West coast living wage falls below $20: Families' costs offset by provincial childcare initiatives

Kelda Blackstone, September 17, 2019

Housing and transportation continue to be the highests living costs for those living in the Tla-o-qui-aht community of Opitsaht, located a short boat ride across the water from Tofino. (Eric Plummer photo)

Tofino, BC — 

The Clayoquot Biosphere Trust (CBT) has released the 2019 Living Wage report for the Clayoquot Sound Biosphere Region. The report, encompassing Hesquiaht First Nation, Ahousaht, Tla-o-qui-aht First Nations, Tofino, Yuułuʔiłʔatḥ First Nation, Ucluelet, and Toquaht Nation, has significance for Nuu-chah-nulth people living in the region.

The Living Wage is the hourly wage required by one of two working adults in a family of four to meet basic expenses. It has decreased by 48 cents since the last calculation in 2017, falling from $20.11 in 2017 to $19.84 today. All of the living wages decreased across the province, due to British Columbia’s introduction of childcare initiatives, offsetting the cost of living.

“We’re calling it a win for families with children,” stated CBT Program Coordinator Faye Missar, in a phone interview. “It speaks to the power of healthy public policy.”

Other family types on the west coast, however, such as single people, elderly people, and those without children, explained Missar, did not see a decrease in their cost of living. Although the provincial childcare initiatives have decreased expenses for families with children, the cost of living itself is still increasing province-wide.

In 2019, the cost of housing in the Clayoquot region has increased by $674 per month, food costs have increased by $42 per month, and monthly transportation costs have increased by $57. More needs to be done to ease the strain of rising expenses for these family types as well.

The Clayoquot Biosphere Trust calculates the region’s Living Wage in order to encourage local businesses and the provincial and federal governments to consider current costs of living, explained Missar. The Living Wage can draw attention to different factors that affect the cost of living, and highlight areas where family living costs can be reduced at government levels.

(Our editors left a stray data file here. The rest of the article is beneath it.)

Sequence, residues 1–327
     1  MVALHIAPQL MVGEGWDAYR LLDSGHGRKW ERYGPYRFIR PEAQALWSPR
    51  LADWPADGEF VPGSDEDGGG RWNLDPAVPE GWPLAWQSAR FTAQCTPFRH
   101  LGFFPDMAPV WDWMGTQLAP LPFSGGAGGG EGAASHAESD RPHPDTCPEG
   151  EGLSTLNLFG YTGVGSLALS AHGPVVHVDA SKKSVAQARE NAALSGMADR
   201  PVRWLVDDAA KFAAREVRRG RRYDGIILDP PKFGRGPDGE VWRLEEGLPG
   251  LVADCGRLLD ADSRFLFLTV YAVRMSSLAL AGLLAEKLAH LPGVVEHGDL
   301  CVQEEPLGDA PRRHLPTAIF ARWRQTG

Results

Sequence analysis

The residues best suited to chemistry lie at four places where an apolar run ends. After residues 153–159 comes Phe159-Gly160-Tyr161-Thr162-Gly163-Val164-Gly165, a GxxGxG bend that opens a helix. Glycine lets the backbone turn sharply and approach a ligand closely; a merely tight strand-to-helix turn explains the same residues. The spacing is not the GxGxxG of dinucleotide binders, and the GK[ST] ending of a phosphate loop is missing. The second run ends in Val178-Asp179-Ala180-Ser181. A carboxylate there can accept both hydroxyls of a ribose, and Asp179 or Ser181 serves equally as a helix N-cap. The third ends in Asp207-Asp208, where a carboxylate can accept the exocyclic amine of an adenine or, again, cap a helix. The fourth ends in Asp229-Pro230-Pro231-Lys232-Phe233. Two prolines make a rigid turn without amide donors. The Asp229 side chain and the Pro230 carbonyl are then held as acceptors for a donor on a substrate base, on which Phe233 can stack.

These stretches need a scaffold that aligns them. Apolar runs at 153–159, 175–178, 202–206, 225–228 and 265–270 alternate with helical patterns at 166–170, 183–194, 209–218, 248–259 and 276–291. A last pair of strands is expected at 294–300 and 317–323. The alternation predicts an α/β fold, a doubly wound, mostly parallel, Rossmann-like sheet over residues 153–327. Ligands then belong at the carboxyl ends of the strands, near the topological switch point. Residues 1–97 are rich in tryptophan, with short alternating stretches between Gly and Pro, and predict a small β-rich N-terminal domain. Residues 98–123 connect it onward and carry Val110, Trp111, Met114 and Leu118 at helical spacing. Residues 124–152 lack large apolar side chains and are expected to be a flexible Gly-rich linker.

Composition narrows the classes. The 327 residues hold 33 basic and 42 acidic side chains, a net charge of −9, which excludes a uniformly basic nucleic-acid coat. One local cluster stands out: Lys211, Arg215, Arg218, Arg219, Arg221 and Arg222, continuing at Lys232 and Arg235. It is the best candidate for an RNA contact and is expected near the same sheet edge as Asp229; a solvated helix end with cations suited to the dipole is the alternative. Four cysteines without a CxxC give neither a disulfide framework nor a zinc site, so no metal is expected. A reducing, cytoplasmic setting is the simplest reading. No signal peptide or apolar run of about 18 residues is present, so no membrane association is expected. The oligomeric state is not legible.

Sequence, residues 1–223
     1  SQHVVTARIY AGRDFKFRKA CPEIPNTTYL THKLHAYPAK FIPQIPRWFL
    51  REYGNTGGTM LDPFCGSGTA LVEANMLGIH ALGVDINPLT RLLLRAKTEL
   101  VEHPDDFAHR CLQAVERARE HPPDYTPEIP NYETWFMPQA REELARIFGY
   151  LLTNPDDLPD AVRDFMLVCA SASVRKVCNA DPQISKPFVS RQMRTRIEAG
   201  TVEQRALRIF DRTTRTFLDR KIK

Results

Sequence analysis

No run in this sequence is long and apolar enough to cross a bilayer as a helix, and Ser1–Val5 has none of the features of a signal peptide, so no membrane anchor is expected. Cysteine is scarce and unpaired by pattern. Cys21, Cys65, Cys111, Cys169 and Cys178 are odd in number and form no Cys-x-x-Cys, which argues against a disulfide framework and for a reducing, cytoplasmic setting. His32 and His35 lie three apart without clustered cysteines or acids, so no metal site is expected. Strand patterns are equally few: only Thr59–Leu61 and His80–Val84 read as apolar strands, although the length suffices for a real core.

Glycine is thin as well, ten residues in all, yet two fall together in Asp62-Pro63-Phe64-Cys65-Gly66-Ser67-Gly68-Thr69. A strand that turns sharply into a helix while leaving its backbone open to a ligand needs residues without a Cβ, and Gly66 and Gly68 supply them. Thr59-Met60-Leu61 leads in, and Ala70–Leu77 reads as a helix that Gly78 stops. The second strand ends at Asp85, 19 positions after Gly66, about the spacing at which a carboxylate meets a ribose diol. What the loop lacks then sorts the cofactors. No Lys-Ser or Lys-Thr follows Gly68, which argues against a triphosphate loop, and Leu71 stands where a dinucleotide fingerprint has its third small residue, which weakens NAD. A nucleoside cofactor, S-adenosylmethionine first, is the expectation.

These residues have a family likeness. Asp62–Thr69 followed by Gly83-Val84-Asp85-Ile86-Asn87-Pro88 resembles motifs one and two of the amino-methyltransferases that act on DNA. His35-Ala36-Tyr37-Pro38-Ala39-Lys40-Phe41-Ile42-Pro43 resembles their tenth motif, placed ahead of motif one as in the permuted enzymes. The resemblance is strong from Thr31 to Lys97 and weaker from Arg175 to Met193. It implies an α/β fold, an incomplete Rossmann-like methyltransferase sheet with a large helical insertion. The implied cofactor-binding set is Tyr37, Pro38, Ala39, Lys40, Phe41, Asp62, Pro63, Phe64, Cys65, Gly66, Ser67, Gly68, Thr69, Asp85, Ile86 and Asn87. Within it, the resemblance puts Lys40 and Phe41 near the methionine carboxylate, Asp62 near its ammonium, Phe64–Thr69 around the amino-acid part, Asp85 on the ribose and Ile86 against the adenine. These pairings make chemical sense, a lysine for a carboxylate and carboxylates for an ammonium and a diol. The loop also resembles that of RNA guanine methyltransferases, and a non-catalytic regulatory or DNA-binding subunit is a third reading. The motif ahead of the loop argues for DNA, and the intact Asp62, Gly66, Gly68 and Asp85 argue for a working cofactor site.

Grandma Marg’s Clubhouse, a childcare facility in Tofino, is one such attempt at reducing family expenses. The facility is one of 50 prototypes participating in a province-wide pilot project, and offers daycare services at the rate of $10 per child per day. Expansion of sites offering these rates could improve and bring down the Living Wage in the future.

People living in communities such as Opitsaht and Hot Springs Cove must travel by boat to access amenities and services available only in the larger centres of Tofino and Ucluelet. Transportation on land is an ongoing issue as well. These costs are not captured in the Living Wage calculations. The Alberni Clayoquot Health Network is currently engaged in a feasibility study with BC Transit, targeting transportation barriers in the region. A west coast public transit system could reduce community members’ travel costs, increasing access to employment, education, and other essential needs such as groceries and health care.

Iris Frank, education manager at Tla-o-qui-aht First Nations, has lived in the region for the past 16 years. Housing and transportation are the two highest costs for people in her community, she said in a phone interview, and job availability is an issue as well.

“Many people will work in minimum wage jobs, in the tourism industry,” stated Frank. “There’s not much to choose from out here. It’s seasonal; we face a lot of high-cost challenges. There’s times when families have to choose – food for my kids, or pay rent.”

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